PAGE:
Today’s vehicles are essentially supercomputers on wheels. Any new car has more computing power than NASA had for getting astronauts to and from the moon. The latest advanced driver-assistance systems (ADAS) and self-driving cars are increasing the computational performance requirements. Keeping this software updated is leading to the requirement for over-the-air (OTA) updates. Likewise, delivering cars with services like Android Auto, Apple’s CarPlay, and Amazon’s Alexa are requiring wireless communication with the internet.
Now step back and consider PC and software attacks that have become so common, subsequently spawning a host of companies that are trying to lock down Microsoft Windows from attack. Windows isn’t the only mark out there, but it tends to have the largest number of targets for attackers. It has also been a softer target because of its availability and complexity. Likewise, the operating system isn’t always the only target to compromise a Windows computer. More likely, the applications or services like Adobe’s Flash or Oracle’s Java have been focuses as well. Many of these services and related attacks are brought on by users.
A system doesn’t have to be completely compromised to be exploited. A wide range of attacks, from ransomware to stealing cycles to generating bitcoins, can make a PC do something that the user would not like.
These New Cars Are So PC
The problem with new cars is they’re becoming more like PCs in that users can add services or apps to the mix. Automotive electronics are actually much more complex than that of the PC or smartphone managed by users. In fact, the typical car has multiple networks and platforms connected to these (see figure). Manufacturers have made security a priority with varying levels of success, but those networks and nodes are likely more secure than any home and most commercial environments.
Automotive security needs to address a wide range of services within the car.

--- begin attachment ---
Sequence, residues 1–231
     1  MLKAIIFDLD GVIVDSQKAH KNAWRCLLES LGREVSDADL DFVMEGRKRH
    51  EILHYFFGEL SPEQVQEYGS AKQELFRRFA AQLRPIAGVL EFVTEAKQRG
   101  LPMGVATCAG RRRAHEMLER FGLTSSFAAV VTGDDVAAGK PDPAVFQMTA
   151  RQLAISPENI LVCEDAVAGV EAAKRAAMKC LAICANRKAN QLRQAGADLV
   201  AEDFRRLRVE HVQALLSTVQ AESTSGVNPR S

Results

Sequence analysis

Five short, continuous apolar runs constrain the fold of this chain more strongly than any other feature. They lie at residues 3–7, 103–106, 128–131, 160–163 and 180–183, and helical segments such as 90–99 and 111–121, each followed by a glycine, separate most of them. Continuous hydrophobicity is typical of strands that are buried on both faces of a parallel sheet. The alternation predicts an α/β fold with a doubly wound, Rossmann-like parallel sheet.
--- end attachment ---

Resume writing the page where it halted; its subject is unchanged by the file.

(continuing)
That said, cars are becoming more user-configurable and open to the types of apps and services found on PCs that are prone to attacks. Likewise, the platforms that these run on are becoming more standardized. There’s no comparable automotive Windows solution, but platforms like Android are coming close.
Car companies are designing their systems to try to isolate systems, and it may be that an attacker may not be able to control the accelerator or brakes. However, if an attacker can control the sound and volume or the windows, then problems related to driver distraction may arise that could indirectly cause fatalities.
It’s impossible to prevent all attacks given the drive for more connectivity and customization in the car. The questions, then, are who will be responsible for what aspects of security, how open or flexible will a system be, and will OEMs or platform providers support providers of third-party services, apps, and hardware (and what security rules or requirements exist)?
The problem is large and complex, but not limited to cars. Arm’s Platform Security Architecture (PSA) looks to address the security space in general. It’s definitely applicable, given the widespread use of Arm technology within the car.
Securing the vehicle will be a cooperative effort, starting with the manufacturers. The challenge continues to be how open a platform should be versus how much security should be in place. Moreover, how well will the pieces work within that framework? Getting the consumer to understand what’s going on under the hood will probably be a lost cause, but they need to be protected even if they give an app access to everything under the sun.